In effect, the interplay between genes the parents possess and those the children don’t possess can have as much impact on the intellectual growth of a child as the genes the children DO possess. A geneticist from the Netherlands offered an example of how this plays out in the field of livestock:

“I am not surprised by the findings,” said Piter Bijma, who studies livestock at Wageningen University in the Netherlands. “These are to be expected.”

Dr. Bijma and other researchers have amassed a wealth of evidence showing that animals are influenced not just by their own genes but by the genes of their parents. Calves may grow quickly thanks to their own growth-promoting genes, or because the same genes in their mothers make them produce more milk.

A calf may inherit those milk-boosting variants from its mother. But just because the calf carries them doesn’t mean they directly make the calves bigger.

Compared to other mammals, Dr. Bijma observed, human children are especially dependent on their parents — not just for food and other essentials, but for social development. So it stands to reason that they’d experience similar effects.

Humans provide substantial care to their offspring, and so the nurture they create is very likely to have a genetic component,” said Dr. Bijma.

At the conclusion of the article, Mr. Zimmer draws on the studies of Paige Harden, a psychologist at the University of Texas who co-authored a commentary on Dr. Kong’s research:

Dr. Harden said that taking account of genetic nurture could improve research on the effects of poverty on how children do in school, as well as studies of methods to improve educational attainment.

“It’s so obvious in retrospect, and so elegant,” she said. “A lot of people are going to say, ‘I can see my data in a new light with this.’”

Exactly HOW this research will help teachers who are dealing directly with “the effects of poverty on how children do in school” and  improve educational attainment are unclear to me, unless family therapy is somehow combined with DNA analysis to develop parent-child IEPs. But given Dr. Bijma’s observations based on his research on livestock— that human children are especially dependent on their parents– it seems to me that it is imperative to work closely with parents who are disengaged from their child’s schooling. That is, instead of addressing the concerns of parents who are sufficiently engaged in their child’s well-being to make an informed choice about where their child should attend school, “reformers” should instead find ways to engage those parents who are NOT making applications to charter schools to determine how to engage them more effective in their child’s learning.

Given the Choice, 2011 NYTimes Articles Indicates Tech Moguls Choose Waldorf Schools… I’ll Bet They STILL Do Today

January 27, 2018 Comments off

Diane Ravitch shared one of her favorite articles in yesterday’s stream of posts, a NYTimes article from 2011 titled “A Silicon Valley School that Does’t Compute“. The article describes the curriculum offered at the Waldorf School of the Peninsula, described as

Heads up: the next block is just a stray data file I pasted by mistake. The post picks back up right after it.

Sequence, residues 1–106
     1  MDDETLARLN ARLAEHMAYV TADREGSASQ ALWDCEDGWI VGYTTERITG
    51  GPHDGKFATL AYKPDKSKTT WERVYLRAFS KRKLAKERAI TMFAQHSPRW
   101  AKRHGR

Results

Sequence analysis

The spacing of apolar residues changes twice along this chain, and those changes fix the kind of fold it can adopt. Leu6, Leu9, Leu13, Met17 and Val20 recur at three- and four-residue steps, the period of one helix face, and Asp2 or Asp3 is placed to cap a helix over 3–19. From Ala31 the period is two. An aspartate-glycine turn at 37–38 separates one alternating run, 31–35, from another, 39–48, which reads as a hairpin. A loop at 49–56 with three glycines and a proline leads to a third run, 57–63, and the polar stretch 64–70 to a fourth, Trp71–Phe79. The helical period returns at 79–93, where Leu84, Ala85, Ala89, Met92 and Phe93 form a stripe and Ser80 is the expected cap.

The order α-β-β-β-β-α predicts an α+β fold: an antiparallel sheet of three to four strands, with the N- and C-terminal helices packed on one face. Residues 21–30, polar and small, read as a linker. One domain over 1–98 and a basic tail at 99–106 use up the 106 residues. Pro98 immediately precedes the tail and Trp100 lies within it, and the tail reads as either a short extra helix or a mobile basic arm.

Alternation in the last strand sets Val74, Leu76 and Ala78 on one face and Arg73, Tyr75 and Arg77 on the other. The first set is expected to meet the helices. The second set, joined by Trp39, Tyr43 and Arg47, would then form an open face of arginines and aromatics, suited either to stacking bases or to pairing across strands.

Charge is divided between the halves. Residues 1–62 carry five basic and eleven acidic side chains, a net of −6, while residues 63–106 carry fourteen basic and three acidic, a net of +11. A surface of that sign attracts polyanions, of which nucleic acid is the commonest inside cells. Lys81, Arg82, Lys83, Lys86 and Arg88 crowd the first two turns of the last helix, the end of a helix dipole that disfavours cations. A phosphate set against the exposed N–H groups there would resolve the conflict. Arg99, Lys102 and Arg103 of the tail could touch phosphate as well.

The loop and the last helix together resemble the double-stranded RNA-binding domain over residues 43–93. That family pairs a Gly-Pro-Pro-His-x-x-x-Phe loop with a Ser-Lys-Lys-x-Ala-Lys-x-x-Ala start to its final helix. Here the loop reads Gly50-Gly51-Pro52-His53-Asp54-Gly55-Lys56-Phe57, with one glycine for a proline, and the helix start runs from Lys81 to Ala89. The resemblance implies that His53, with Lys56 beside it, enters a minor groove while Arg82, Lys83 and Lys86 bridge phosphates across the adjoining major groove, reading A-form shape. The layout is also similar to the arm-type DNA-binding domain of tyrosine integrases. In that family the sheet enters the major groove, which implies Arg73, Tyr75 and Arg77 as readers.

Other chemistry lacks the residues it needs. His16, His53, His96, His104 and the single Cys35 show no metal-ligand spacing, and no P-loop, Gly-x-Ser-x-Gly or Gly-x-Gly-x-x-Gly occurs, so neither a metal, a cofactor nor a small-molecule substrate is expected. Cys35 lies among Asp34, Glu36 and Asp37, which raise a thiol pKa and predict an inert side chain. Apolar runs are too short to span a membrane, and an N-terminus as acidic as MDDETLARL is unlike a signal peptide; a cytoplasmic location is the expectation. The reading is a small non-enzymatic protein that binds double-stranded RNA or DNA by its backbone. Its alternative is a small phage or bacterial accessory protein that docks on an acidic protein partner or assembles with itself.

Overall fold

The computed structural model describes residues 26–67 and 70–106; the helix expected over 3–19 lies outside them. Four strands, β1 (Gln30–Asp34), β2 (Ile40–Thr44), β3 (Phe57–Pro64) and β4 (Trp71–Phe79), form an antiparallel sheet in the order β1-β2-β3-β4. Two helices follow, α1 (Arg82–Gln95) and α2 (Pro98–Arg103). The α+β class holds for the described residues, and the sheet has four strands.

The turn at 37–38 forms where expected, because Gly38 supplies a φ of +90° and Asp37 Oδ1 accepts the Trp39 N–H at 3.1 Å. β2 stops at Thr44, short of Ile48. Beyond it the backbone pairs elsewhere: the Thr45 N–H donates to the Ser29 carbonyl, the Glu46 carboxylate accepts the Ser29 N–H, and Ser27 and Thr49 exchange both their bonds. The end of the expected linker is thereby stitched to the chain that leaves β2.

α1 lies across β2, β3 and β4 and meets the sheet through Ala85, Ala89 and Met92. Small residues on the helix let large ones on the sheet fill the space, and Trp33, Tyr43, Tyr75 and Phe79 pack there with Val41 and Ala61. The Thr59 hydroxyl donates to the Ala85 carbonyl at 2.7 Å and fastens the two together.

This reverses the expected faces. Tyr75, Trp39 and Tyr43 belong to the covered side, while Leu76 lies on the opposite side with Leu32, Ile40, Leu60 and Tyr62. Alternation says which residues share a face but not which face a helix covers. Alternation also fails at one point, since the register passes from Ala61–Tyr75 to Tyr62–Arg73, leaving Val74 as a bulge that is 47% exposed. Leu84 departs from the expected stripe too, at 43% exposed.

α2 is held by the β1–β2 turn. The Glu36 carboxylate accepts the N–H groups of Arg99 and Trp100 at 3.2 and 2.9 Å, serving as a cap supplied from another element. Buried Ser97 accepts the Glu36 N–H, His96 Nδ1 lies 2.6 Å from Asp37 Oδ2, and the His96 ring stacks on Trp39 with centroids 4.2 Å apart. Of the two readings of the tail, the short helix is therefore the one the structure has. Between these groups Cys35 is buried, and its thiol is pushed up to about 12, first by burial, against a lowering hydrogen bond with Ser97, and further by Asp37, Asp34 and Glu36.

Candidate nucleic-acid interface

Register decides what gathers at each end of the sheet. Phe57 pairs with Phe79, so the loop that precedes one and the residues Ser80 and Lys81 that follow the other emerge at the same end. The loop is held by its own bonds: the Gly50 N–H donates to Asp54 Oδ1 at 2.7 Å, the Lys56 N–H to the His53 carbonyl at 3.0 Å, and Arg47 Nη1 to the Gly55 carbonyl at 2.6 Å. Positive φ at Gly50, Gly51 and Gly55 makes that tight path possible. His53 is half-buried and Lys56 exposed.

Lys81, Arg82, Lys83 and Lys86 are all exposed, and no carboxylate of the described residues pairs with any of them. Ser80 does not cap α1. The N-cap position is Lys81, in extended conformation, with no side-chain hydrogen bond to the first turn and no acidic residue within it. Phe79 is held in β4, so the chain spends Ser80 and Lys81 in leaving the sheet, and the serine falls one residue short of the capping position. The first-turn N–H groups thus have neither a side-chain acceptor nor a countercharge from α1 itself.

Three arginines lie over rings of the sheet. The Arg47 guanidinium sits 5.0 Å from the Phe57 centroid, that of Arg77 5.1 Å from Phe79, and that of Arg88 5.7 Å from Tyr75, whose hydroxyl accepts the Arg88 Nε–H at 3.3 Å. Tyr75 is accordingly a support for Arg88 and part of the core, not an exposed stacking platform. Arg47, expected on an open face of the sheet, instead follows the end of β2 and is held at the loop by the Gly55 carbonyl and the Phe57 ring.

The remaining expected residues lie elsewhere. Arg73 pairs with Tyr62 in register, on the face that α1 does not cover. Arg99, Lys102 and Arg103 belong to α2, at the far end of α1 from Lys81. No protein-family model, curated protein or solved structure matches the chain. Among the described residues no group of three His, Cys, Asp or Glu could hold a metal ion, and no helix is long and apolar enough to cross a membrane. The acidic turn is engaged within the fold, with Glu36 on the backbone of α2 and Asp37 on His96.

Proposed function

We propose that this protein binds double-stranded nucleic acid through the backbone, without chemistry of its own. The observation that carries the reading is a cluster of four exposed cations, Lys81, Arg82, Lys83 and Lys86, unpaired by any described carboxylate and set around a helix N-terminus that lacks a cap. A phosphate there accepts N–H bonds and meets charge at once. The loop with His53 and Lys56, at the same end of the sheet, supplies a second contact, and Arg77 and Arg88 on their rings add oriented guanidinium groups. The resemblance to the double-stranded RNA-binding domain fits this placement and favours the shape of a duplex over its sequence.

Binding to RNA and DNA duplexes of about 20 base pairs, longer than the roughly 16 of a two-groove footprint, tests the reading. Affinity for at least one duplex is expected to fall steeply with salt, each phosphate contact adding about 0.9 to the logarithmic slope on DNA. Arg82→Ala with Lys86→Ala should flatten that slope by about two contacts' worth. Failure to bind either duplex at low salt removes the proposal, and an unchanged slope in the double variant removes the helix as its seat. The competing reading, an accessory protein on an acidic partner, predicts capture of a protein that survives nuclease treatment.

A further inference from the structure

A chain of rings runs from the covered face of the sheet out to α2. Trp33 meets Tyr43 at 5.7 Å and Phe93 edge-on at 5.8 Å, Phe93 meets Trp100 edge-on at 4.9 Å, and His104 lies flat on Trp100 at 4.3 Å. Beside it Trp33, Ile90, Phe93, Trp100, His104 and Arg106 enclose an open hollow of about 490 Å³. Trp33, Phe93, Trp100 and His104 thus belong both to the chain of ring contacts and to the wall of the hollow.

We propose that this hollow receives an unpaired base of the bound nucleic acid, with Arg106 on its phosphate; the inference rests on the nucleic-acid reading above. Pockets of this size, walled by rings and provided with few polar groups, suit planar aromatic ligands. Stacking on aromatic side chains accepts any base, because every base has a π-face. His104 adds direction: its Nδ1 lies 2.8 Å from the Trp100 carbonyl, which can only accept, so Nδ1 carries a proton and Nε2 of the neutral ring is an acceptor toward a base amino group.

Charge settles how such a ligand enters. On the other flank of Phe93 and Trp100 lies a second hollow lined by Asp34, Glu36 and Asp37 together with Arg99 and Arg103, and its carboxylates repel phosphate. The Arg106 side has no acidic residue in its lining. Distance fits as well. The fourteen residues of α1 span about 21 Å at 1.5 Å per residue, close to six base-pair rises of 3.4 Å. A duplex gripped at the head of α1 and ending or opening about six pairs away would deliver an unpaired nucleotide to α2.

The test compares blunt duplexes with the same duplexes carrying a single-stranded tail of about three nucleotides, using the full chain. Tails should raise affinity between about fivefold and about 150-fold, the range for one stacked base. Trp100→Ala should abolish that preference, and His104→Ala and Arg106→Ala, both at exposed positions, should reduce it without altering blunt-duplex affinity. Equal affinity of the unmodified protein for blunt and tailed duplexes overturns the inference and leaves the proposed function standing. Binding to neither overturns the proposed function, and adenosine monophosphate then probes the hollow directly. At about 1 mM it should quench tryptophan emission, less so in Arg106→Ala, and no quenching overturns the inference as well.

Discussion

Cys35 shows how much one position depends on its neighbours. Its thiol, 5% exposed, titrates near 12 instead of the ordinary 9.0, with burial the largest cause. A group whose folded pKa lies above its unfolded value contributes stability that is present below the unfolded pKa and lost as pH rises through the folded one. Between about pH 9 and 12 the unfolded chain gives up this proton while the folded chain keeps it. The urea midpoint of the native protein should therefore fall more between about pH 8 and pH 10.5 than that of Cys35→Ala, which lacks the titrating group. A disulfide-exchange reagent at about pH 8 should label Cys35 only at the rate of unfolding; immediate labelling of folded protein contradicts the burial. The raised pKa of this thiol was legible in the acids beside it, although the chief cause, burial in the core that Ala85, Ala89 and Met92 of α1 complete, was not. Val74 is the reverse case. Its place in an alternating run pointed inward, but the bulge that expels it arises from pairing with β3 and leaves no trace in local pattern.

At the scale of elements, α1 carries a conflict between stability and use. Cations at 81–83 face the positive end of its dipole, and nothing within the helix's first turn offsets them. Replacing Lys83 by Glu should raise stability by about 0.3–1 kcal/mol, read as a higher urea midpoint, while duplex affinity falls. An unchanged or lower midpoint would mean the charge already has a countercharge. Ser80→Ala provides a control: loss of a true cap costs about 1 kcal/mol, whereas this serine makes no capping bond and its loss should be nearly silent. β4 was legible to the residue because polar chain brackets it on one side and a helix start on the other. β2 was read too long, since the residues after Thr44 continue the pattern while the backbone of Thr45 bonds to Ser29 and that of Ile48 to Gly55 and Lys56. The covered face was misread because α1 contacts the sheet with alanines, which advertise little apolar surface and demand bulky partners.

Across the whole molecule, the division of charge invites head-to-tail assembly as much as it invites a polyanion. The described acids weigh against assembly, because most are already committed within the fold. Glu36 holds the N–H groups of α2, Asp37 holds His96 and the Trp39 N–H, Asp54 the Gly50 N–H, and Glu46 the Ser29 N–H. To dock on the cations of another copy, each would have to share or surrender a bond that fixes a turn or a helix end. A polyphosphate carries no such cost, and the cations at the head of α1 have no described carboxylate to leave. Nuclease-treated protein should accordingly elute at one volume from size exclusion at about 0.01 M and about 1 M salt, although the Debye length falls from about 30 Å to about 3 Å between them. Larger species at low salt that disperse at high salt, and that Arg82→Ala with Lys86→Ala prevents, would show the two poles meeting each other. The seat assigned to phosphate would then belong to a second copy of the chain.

…one of around 160 Waldorf schools in the country that subscribe to a teaching philosophy focused on physical activity and learning through creative, hands-on tasks. Those who endorse this approach say computers inhibit creative thinking, movement, human interaction and attention spans.

The irony is that this particular Waldorf School attracts the children of several tech magnates who reside in the area, technology experts who intentionally keep devices out of their children’s hands. Why?

“I fundamentally reject the notion you need technology aids in grammar school,” said Alan Eagle, 50, whose daughter, Andie, is one of the 196 children at the Waldorf elementary school; his son William, 13, is at the nearby middle school. “The idea that an app on an iPad can better teach my kids to read or do arithmetic, that’s ridiculous.”

Mr. Eagle knows a bit about technology. He holds a computer science degree from Dartmouth and works in executive communications at Google, where he has written speeches for the chairman, Eric E. Schmidt. He uses an iPad and a smartphone. But he says his daughter, a fifth grader, “doesn’t know how to use Google,” and his son is just learning. (Starting in eighth grade, the school endorses the limited use of gadgets.)

The article describes the kinds of activities Waldorf students engage in at each grade level and how Waldorf schools ignore any metrics that involve standardized testing. Waldorf parents, though, are confident that their children will learn the skills needed to succeed given Waldorf’s 94% college placement figures. But how will Waldorf students cope in a Google-world where cell phones and technology are ubiquitous?

And where advocates for stocking classrooms with technology say children need computer time to compete in the modern world, Waldorf parents counter: what’s the rush, given how easy it is to pick up those skills?